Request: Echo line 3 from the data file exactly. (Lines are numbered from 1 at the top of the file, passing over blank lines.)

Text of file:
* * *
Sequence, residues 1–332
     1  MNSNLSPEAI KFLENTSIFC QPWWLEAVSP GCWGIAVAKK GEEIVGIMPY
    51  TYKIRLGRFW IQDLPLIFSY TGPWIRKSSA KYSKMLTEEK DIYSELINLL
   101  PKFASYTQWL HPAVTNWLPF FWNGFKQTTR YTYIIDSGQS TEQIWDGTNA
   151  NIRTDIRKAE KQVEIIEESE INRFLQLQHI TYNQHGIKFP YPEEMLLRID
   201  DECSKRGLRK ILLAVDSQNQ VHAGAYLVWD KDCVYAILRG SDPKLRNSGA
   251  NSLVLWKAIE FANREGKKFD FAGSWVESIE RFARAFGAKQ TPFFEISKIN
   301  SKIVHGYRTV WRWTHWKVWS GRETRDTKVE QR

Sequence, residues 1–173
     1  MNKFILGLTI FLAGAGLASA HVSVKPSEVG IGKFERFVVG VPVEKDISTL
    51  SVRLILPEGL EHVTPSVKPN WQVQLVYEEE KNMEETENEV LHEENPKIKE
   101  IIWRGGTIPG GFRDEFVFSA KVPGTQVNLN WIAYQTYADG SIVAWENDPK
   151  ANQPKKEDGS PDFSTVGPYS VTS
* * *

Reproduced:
    51  TYKIRLGRFW IQDLPLIFSY TGPWIRKSSA KYSKMLTEEK DIYSELINLL